I listen to all of this: The Jakob Bro “Balladeering Trilogy”


Jakob BroMarch 2015, Guitarist Jakob Bro has a new album coming out.  Titled Gefion, it features his strangely alluring mix of jazz and folk and ambient soundscapes.  And though it possesses the ingredients that typically complete your basic Nordic Jazz recording, Bro’s expressionism doesn’t fit so neatly into that general category.  Even when he’s being structurally obtuse, his music possesses a form and presence and melodic incisiveness that proves elusive to categorization.

In anticipation of his new album, I wanted to recap three of Bro’s excellent recordings.  In 2013, Bro wrapped up a planned trilogy of albums that began with 2009’s Balladeering, continued with 2011’s Time and ended with 2013’s December Song.  The music was composed for a small group of select musicians.  The albums each have their own personality, but definitely all sound as if they were formed from the same creative point of view.  This is peaceful music that presents itself with a simple, striking beauty that is often quite breathtaking.

Let’s begin…


Jakob Bro – Balladeering

Jakob Bro - "Balladeering"The 2009 release Balladeering started off the album trilogy.  Of the three recordings, it’s the one that most reflects the influence that Bill Frisell has had over modern guitarists.  His mix of jazz, folk and rock presented with a strikingly melodic, hazily ambient presence and sometimes ominous tone is stamped indelibly on this recording.  And while Jakob Bro is certainly his own man when it comes to a singular creative voice, if it can be said he came out of one particular “school of Jazz,” it would the Frisellian.

“Weightless” speaks directly to this distinction.  With its layers of melody and effects, it creates a swirling mist of sound whose form is defined by the path it drifts in as much as it is by its sequencing of one gorgeous note after the next.  “Terrace Place” runs very similar to this, but Konitz’s sax cuts through the fog like a knife.

“Vraa” sparks with life.  Konitz’s sax is thick with emotion, heart wide as the day is long.  Paul Motion’s drums match Konitz’s forward motion while kicking up a bit of propulsion.  On “Evening Song,” the melody serves as the source of propulsion, with lyricism as the fuel.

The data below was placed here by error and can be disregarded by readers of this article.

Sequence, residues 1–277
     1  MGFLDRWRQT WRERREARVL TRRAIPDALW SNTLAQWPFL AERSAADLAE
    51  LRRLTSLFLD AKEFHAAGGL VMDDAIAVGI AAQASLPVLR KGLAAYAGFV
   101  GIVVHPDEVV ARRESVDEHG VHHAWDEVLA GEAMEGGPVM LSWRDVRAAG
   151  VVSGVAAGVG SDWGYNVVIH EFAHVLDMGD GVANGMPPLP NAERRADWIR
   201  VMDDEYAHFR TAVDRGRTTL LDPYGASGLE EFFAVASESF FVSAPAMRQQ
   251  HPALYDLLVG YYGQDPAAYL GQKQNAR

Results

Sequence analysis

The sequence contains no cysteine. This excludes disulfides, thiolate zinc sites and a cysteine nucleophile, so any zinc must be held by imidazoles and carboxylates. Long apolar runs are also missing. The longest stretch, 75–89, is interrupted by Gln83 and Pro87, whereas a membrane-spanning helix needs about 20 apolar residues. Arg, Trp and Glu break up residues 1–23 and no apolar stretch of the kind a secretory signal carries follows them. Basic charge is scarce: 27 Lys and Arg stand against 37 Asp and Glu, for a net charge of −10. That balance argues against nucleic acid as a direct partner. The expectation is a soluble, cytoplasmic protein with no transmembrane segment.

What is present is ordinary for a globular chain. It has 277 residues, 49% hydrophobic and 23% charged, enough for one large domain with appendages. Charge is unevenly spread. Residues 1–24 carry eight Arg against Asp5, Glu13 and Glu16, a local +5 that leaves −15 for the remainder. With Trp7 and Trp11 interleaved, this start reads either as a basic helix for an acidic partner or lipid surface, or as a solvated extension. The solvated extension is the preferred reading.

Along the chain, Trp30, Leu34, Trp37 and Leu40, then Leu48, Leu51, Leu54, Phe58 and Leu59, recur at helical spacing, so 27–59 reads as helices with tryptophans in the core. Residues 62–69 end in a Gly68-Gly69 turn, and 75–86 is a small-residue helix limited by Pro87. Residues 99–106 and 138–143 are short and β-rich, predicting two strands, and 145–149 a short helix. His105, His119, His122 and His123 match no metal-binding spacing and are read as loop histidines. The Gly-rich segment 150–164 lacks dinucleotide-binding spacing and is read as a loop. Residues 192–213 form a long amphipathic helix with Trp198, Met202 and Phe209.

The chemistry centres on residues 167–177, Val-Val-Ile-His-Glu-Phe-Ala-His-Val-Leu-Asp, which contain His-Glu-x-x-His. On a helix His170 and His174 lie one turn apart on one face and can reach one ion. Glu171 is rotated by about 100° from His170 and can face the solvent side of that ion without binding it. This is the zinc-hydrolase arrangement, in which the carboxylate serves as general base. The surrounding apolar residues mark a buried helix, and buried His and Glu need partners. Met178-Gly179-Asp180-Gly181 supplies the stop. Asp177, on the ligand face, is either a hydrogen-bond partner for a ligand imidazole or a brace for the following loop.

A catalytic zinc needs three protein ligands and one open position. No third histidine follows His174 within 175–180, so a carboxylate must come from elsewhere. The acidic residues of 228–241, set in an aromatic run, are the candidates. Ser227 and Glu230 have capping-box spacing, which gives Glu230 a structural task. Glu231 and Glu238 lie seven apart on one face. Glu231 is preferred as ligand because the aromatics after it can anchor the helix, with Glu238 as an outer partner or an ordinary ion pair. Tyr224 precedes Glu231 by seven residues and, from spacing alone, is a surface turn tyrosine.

Aside from the lovely tone they provide, the use of steel-stringed guitar on “Starting Point (Acoustic)” portends an essential element that leads to the success of Balladeering‘s follow-up… Time.  But for this session, it’s all about the warmth those guitars generate, and how a distant beauty grows much closer and embraceable.

Your album personnel: Jakob Bro (guitar), Bill Frisell (guitar), Lee Konitz (alto sax), Ben Street (bass) and Paul Motian (drums).

Released on Loveland Records.

Jakob Bro – Time

Jakob Bro - "Time"Of the three albums in Bro’s trilogy, 2011’s Time is most cohesive and radiates the strongest presence.  As a result, its seaside ease conjures up the imagery of the shoreline and salt in the air, and translates the immensity and vastness of a large body of water without sacrificing the music’s calm serenity.

On “Sma Dyrr,” steel-string guitar glitters like sunlight.  Thomas Morgan’s bass is bright and resonant.  On “Swimmer,” guitar lines plume upward from the dancing flame of Lee Konitz’s sax.  The expression on “Cirkler” is one of determined will, but it grows increasingly drowsy, as if having spent all its energy before drifting off to sleep.  The Frisellian influence is stronger on “Fiordlands” and “Nat.”  On the former, the rhythmic touch by guitars and bass is almost hypnotic, while the latter track’s shimmery guitars incite an ethereal presence that drifts peacefully along, even as melodic fragments create an ominous tone that hangs in the air.  The quartet gets a lot of mileage out of the mix of earthy and mysterious tones on Time, and it’s a big reason for the album’s success.

Your album personnel:  Jakob Bro (guitar), Bill Frisell (guitar), Lee Konitz (alto sax) and Thomas Morgan (bass).

Released on Loveland Records.

Jakob Bro – December Song

Jakob Bro - "December Song"The final album of the trilogy was 2013’s December Song.  Overall, it possesses an ethereal presence wispier than that of its trio-mates and a formlessness that creates an undercurrent of tension, as if the ear recognizes that a tune can change direction at any one moment without warning.

Tracks like the enchanting “Giant,” on which Bro’s & Frisell’s guitar lines ascend upward like fireflies on a dark Summer night and “Laxness,” in which Lee Konitz’s sax bobs on the twin guitars’ peaceful ocean waves.  The solemn “Vinterhymne” wavers and shifts in and out of focus.  Konitz’s bright melodic light shades the song from one side while bassist Thomas Morgan works subtly, yet still resonantly from the opposite.

The album tracks that coalesce into a substantive form tend to feature Craig Taborn’s piano in a prominent role.  The brightly shining “Zygaena” sees Taborn’s piano walking out ahead with both guitars nearby at its side.  Together, they create a melodic cohesiveness enjoined with beautiful harmonies.  “Treehouse” takes a similar approach, but is expressed with serenity and patience.  “Kong Oscar,” on the other hand, has a bigger presence via a series of strong melodic surges.

But overall, it’s a track like “Risskov” that reflects the spirit of the album… an ambient languor struck through with lively melodic flares and enveloped by drifting harmonies and an ethereal presence.

Your album personnel:  Jakob Bro (guitar), Bill Frisell (guitar), Lee Konitz (alto sax), Craig Taborn (piano) and Thomas Morgan (double bass).

Released on Loveland Records.


Jazz from the Copenhagen scene.

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